Although it should be noted that cross-sectional mediation provides an indication for, but not proof of the presence of an underlying mechanism, these previous findings suggest that emotion dysregulation contributes to the link between CEA and adult depression [31–33]. However, assessment of emotion dysregulation was limited in these earlier studies. Schulz et al. (2017) used a specific measure of emotion acceptance (i.e., Emotion Acceptance Questionnaire; ), rather than overall emotion dysregulation. Crow et al. (2014) used a relatively novel measure of emotion dysregulation with only modest evidence on psychometric properties (i.e., the 12-item version of the Emotion Dysregulation Scale; ). Lastly, although Coates and Messman-Moore (2008) used the widely-used Difficulties in Emotion Regulation Scale (DERS; ) to measure emotion regulation, they used a latent factor comprised of only two subscales (i.e., Emotional Clarity and Access to Strategies)–thereby omitting other domains of emotion dysregulation captured by the DERS (e.g., lack of emotional awareness and non-acceptance of emotional responses). Therefore, the current study aims to confirm the mediating role of emotion dysregulation in the relationship between CEA and adult depressive symptoms, utilizing a widely-used measure of overall emotion dysregulation (i.e., DERS) with good psychometric properties.
Although research is still scarce, interpersonal problems have been suggested to be an underlying factor of the link between childhood abuse and depression . Childhood abuse appears to negatively influence social relationships and interpersonal functioning, which was found for CPA , CSA [40, 41], and CEA . However, one study in college students found no direct relationship with problems with social relationships for CEA and CPA, whereas CSA was associated with decreased social problems . Individuals with a history of childhood abuse in general reported lower levels of social support in adulthood , more dysfunctional relationships, and an increased risk for divorce compared to others . People with a history of childhood abuse have not only reported more difficulties in marital and social relationships than others, but also more interpersonal problems as measured with the widely-used Inventory of Interpersonal Problems (IIP) . The IIP measures persistent difficulties that individuals experience in social relationships, and distinguishes different domains of interpersonal problems (e.g., being domineering/controlling, nonassertive, or self-sacrificing) [44, 45]. Victims of CSA reported more interpersonal difficulties than non-victims on all domains of the IIP . Similarly, in a Korean sample of patients with depression and anxiety disorders, both CEA and CSA, but not CPA, were associated with interpersonal problems as measured with the IIP total score . However, an important limitation of these studies lies in the fact that they did not address the unique impact of each type of childhood abuse, controlled for the other types. Therefore, the unique and collective impact of all three types of childhood abuse on interpersonal functioning remains unknown.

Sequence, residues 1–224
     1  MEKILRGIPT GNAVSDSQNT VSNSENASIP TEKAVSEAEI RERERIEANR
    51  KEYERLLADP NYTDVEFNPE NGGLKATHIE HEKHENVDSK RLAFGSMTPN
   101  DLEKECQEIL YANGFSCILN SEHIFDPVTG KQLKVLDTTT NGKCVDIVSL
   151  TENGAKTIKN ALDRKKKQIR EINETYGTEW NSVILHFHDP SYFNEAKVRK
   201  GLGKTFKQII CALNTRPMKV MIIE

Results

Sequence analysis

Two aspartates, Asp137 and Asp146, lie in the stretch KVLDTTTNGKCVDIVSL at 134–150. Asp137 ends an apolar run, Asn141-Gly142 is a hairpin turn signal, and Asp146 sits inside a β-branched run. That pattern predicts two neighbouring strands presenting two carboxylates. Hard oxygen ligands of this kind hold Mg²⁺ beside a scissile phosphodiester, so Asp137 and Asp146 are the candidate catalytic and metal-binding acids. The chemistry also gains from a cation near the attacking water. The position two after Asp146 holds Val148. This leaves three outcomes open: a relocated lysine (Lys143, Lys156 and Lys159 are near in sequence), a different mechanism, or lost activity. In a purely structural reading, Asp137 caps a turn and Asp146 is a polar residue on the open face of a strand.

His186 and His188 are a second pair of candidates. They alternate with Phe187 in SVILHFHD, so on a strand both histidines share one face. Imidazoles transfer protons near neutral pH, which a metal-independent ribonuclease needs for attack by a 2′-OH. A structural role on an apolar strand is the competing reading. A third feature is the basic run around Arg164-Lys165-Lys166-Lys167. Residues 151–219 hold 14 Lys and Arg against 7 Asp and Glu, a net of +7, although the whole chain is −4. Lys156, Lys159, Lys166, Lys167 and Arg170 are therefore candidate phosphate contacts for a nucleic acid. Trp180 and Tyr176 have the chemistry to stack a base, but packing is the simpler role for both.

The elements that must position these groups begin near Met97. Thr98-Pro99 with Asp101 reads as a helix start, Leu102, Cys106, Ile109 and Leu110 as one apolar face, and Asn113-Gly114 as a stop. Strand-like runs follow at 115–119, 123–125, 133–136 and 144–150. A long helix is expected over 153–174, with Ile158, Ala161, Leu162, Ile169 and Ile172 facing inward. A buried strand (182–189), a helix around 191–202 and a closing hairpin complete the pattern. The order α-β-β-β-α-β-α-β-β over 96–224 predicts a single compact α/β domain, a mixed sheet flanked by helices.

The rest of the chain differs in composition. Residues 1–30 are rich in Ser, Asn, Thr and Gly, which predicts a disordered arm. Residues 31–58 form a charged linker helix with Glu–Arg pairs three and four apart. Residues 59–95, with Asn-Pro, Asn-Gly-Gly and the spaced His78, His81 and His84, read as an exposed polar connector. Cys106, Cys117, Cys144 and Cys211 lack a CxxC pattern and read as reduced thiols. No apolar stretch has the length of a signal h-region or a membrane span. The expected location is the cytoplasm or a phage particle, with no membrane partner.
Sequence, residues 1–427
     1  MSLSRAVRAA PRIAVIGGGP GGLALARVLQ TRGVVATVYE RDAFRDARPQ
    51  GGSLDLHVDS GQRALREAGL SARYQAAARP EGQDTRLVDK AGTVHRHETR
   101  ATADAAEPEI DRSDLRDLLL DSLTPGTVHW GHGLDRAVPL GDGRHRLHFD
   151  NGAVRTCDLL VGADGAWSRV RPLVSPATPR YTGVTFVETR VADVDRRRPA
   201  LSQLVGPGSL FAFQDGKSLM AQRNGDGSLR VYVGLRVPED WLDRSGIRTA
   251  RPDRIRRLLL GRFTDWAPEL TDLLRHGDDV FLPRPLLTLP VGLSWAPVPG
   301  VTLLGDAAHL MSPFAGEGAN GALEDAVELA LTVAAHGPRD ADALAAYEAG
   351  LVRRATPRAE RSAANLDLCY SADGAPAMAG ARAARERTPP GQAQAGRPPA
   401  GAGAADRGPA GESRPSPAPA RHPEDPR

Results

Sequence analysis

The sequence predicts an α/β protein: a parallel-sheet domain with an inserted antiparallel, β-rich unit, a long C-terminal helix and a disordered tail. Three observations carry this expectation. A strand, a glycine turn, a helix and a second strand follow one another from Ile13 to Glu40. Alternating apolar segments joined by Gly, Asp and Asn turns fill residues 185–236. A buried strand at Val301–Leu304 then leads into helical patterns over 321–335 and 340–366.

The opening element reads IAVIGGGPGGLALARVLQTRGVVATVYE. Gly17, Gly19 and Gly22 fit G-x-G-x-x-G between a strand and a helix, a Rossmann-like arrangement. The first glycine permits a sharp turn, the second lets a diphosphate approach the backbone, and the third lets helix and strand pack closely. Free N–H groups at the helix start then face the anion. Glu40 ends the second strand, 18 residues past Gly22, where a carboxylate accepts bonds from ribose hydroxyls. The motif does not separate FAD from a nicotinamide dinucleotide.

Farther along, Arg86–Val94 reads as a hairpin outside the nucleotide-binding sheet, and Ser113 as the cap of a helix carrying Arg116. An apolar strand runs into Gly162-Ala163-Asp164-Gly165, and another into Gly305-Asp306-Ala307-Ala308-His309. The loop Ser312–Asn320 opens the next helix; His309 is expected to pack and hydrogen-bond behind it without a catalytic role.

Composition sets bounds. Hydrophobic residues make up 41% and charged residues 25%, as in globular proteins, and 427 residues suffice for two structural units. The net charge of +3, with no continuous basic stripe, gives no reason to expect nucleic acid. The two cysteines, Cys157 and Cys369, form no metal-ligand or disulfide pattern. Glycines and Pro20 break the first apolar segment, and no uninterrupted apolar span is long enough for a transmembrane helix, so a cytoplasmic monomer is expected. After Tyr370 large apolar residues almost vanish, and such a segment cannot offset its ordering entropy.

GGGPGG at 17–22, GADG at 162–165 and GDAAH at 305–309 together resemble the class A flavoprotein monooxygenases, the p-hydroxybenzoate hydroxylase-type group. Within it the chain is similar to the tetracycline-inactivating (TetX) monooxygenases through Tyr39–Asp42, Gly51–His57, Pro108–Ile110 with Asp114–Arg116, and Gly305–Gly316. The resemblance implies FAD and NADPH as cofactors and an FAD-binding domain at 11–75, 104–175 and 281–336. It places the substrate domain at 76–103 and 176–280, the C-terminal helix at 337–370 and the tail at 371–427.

Interpersonal problems have not only been linked to childhood abuse, but also to depression. Recurring frustrated interpersonal dynamics may make an individual more vulnerable to depression . For example, social isolation, avoidance, and submissiveness have been associated with depression [46, 47]. However, it remains unknown whether interpersonal problems mediate the link between CEA and depression, and which specific interpersonal styles as measured with the IIP play a role in this relationship. In the aforementioned study of Whiffen, Thompson and Aube , difficulties with being too controlling, being intimate, and being submissive cross-sectionally and partly mediated the relation between CSA and depression in women. Hence, their results suggest that these interpersonal styles partly account for the risk of depression in women with a history of CSA. Interestingly, different interpersonal styles (i.e., being unassertive and taking too much responsibility) partially mediated this relation in men .